Speed of c

Question 1

how does one calculate the speed of c ?

Question 2

how does one calculate length and distance ?


In order to calculate the speed of light c over a distance l
  1. We need a clock
  2. We need a light source at point A
  3. We need a "mirror" at point B
  4. We needs a detector at point C
   light source
    detector                 mirror

The speed of light is equal the distance between B and A plus the distance between C and B divided by the time it takes for the light pulse to go from A to B and from B to C.

For practical reason we assume that the light source and the detector are at the same point.

There are in general two conditions involved when this experiment is done:

  1. The distance l between (A,C) and B is variable. This is the case when point A and C are on Earth and the point B is on the Moon or B is in a satelite.
  2. The distance l between (A,C) and B is fixed. This is the case when both points A and B are physical connected. For example when all points are on Earth.

Distance l is variable

In this case the points A (the source) and C (the detector) and the mirror at point B are not pysical connected. The question is that suppose you want to calculate the speed of light (or if you want to calculate the distance): do you have to take the positions of each of the points A,B and C into account ?
IMO the the answer is yes i.e. you need a physical model of this experiment, implying the positions where the points A,B,and C are at the moments t1, t2 and t3.

Suppose the mirror the 1/4 light year away from the earth. In that case, because it takes then roughly 1/2 a year for the light to travel forward and backward, the position of the point A (point of emission) and point C (point of receiving) are almost at opposite locations relative to the Sun. IMO you have to take that into account. If you want to be more accurate you have to take the speed of the Sun into account.

In short if you want to calculate the speed of c you have to take the speed of sender/receiver and the speed of the mirror into account inorder to calculate the positions of each and the distances involved. If you want to calculate the distance of the mirror the same reasoning applies.

Distance l is fixed

If fixed distances are involved two cases can be studied: At Earth and in a spaceship.
The reason for this distinction is the following: The speed of c:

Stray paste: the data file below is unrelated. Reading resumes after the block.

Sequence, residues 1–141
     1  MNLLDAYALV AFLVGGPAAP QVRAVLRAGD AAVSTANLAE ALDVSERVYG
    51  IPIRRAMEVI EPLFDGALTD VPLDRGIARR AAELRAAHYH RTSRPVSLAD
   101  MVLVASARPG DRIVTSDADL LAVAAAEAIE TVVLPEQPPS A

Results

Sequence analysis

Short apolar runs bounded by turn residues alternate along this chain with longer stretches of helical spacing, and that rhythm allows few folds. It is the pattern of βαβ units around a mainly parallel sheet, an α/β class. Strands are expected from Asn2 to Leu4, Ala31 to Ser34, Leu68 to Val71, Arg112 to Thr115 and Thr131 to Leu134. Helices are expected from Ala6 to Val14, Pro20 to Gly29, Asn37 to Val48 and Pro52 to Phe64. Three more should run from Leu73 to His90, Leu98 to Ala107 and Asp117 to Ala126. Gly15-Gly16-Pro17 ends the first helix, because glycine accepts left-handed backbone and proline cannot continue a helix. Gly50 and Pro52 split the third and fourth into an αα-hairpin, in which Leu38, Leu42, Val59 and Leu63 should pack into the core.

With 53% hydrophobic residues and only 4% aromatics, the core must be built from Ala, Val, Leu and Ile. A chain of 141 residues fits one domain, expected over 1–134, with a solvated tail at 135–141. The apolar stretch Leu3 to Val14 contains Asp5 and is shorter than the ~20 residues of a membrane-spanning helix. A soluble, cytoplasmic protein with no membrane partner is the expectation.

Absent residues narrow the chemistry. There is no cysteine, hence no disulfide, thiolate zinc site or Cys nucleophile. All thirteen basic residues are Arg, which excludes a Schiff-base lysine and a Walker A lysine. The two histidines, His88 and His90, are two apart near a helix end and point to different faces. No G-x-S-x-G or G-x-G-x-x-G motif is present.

Answer question 1

Accordingly to Literature 9 at page 19 "The distance is then simply defined as half the time difference between emission and reception"
As such Special Relativity takes neither the speed of the light source/detector and the speed of the mirror into account.
This is acceptable if you do that inside a space ship but seems questionable if you do that for example between Earth and planet Jupiter.

Reflection part 1

IMO the true difficulty in the problem lies in the behavior of the clock and in the position of your reference frame
Accordingly to Special Relativity the time of a moving clock and the length of a moving clock both change as a function of their speed.
In the first case we call this time dilition and in the second length contraction

Part of the proof lies in the Michelson and Morley experiment.
What this experiment shows that if you sent a lightsignal over two paths, of equal length, in different directions (perpendicular) the arrival time is identical. In order to explain, by assuming that the speed of light is the same in the direction of the two paths (i.e. in all directions) we have to assume that the whole setup is shortened in the direction in which the setup moves.

Length contraction is easy to accept if you place the setup in a spaceship or on earth. Length contraction is more difficult to accept if you perform the same between source, reflectors and detector who are not physical connected. IMO length and space contraction are not one and the same.



Created: 1 June 2000

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